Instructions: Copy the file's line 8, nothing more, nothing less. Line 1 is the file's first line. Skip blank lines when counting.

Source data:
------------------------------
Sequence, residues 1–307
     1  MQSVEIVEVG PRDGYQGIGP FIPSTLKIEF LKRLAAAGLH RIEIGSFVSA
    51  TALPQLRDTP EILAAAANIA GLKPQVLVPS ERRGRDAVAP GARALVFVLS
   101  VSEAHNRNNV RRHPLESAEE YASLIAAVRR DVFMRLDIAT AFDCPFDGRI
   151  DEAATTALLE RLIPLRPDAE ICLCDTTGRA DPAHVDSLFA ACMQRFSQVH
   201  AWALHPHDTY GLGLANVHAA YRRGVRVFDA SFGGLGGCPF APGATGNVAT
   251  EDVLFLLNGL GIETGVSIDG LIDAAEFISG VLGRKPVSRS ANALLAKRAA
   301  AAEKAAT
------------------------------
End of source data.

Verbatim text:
   301  AAEKAAT